Getting Acquainted with gVisor


Like many of us in the Kubernetes space, I’m excited to check out the
shiny new thing. To be fair, we’re all working with an amazing product
that is younger than my pre-school aged daughter. The shiny new thing at
KubeCon Europe was a new container runtime authored by Google named
gVisor. Like a cat to catnip, I had to check this out and share it with

What is gVisor?

gVisor is a sandboxed container runtime, that acts as a user-space
kernel. During KubeCon Google announced that they open-sourced it to the
community. Its goal is to use paravirtualization to isolate
containerized applications from the host system, without the heavy
weight resource allocation that comes with virtual machines.

Do I Need gVisor?

No. If you’re running production workloads, don’t even think about it!
Right now, this is a metaphorical science experiment. That’s not to say
you may not want to use it as it matures. I don’t have any problem with
the way it’s trying to solve process isolation and I think it’s a good
idea. There are also alternatives you should take the time to explore
before adopting this technology in the future.

That being said, if you want to learn more about it, when you’ll want to
use it, and the problems it seeks to solve, keep reading.

Where might I want to use it?

As an operator, you’ll want to use gVisor to isolate application
containers that aren’t entirely trusted. This could be a new version of
an open source project your organization has trusted in the past. It
could be a new project your team has yet to completely vet or anything
else you aren’t entirely sure can be trusted in your cluster. After all,
if you’re running an open source project you didn’t write (all of us),
your team certainly didn’t write it so it would be good security and
good engineering to properly isolate and protect your environment in
case there may be a yet unknown vulnerability.

What is Sandboxing Software?

Sandboxing is a software management strategy that enforces isolation
between software running on a machine, the host operating system, and
other software also running on the machine. The purpose is to constrain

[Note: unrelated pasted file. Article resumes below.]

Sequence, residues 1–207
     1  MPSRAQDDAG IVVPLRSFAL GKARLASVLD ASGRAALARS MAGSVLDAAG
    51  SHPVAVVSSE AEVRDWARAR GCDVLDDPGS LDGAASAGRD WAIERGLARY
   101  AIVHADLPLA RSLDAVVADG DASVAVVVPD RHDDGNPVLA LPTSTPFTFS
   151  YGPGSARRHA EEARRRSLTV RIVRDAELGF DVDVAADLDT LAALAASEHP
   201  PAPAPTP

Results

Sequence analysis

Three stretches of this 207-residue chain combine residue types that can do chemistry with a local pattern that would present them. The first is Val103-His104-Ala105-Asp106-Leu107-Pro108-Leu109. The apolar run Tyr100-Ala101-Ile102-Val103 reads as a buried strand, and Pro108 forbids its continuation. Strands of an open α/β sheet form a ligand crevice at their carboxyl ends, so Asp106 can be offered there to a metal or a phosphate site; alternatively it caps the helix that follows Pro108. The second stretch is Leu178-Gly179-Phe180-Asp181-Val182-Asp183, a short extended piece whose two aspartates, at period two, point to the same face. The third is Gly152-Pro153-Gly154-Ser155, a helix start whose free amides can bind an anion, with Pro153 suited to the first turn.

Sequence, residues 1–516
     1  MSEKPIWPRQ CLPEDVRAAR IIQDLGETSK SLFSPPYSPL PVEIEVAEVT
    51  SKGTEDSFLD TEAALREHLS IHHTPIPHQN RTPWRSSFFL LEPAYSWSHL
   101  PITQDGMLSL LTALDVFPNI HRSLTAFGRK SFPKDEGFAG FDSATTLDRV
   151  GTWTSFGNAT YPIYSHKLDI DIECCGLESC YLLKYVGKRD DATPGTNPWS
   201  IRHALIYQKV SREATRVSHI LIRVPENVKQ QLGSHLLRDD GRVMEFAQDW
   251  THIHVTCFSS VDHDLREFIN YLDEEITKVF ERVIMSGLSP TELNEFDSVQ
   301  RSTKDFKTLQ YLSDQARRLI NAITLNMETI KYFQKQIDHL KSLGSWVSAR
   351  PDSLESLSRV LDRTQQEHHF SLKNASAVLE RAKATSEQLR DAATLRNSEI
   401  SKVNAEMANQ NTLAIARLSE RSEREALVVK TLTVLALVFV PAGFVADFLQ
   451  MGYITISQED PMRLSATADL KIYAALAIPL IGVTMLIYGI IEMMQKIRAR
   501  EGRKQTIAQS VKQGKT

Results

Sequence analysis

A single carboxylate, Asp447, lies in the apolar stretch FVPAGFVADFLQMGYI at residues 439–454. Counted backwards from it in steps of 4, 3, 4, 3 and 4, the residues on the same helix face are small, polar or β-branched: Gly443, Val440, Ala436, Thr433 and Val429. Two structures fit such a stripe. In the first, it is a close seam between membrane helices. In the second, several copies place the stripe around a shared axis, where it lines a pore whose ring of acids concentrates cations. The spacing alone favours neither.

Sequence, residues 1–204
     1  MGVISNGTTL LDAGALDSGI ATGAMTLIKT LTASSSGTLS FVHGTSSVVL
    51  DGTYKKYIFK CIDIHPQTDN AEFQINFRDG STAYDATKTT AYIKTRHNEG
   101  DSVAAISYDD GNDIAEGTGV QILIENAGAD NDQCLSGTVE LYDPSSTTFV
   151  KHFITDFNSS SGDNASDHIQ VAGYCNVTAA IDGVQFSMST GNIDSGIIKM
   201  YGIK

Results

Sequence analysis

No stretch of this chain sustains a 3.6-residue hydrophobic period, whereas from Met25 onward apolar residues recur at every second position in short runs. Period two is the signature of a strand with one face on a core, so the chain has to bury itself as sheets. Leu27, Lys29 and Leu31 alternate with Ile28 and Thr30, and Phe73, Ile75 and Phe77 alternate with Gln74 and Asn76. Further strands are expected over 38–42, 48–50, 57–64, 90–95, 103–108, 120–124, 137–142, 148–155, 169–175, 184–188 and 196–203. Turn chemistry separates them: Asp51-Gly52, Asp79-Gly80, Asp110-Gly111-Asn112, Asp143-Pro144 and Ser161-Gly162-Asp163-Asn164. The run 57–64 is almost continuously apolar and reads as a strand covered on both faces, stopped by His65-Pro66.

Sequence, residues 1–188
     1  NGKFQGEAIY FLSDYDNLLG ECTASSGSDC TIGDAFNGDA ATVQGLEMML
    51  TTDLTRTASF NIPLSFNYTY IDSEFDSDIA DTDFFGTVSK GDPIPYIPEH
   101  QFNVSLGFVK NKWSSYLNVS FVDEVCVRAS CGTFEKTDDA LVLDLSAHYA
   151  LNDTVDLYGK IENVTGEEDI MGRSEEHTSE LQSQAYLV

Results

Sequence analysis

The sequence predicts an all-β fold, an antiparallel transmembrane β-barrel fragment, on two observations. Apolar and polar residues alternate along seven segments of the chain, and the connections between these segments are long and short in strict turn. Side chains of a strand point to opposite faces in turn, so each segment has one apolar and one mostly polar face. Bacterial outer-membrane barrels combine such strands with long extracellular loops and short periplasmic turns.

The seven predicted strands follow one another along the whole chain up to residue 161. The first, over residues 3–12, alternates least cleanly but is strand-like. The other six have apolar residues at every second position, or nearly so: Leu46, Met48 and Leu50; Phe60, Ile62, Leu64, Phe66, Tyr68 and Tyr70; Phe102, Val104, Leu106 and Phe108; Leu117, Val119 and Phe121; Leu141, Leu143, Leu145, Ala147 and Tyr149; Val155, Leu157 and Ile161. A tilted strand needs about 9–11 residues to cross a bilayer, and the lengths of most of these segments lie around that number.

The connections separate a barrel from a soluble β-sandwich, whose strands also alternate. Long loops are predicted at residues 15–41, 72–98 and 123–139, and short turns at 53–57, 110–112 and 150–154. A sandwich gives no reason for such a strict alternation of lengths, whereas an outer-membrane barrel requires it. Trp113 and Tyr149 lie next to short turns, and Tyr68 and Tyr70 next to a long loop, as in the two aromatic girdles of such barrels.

applications to specific parts of the host’s memory and file-system and
not allow it to breakout and affect other parts of the operating system.

Source:, pulled 17 May 2018

Current Sandboxing Methods

The virtual machine (VM) is a great way to isolate applications from the
underlying hardware. An entire hardware stack is virtualized to protect
applications and the host kernel from malicious applications.

Source:, pulled 17 May 2018

As stated before, the problem is that VMs are heavy. The require set
amounts of memory and disk space. If you’ve worked in enterprise IT, I’m
sure you’ve noticed the resource waste.

Some projects are looking to solve this with lightweight OCI-compliant
VM implementations. Projects like Kata containers are bringing this to
the container space on top of runV, a hypervisor based runtime.

Source:, pulled 17 May 2018

Microsoft is using a similar technique to isolate workloads using a
very-lightweight Hyper-V virtual machine when using Windows Server
Containers with Hyper-V isolation.

Source: partial screenshot,, timestamp 31:02 pulled 17 May 2018

This feels like a best-of-both worlds approach to isolation. Time will
tell. Most of the market is still running docker engine under the
covers. I don’t see this changing any time soon. Open containers and
container runtimes certainly will begin taking over a share of the
market. As that happens, adopting multiple container runtimes will be an
option for the enterprise.

Sandboxing with gVisor

gVisor intends to solve this problem. It acts as a kernel in between the
containerized application and the host kernel. It does this through
various mechanisms to support syscall limits, file system proxying, and
network access. These mechanisms are a paravirtualization providing a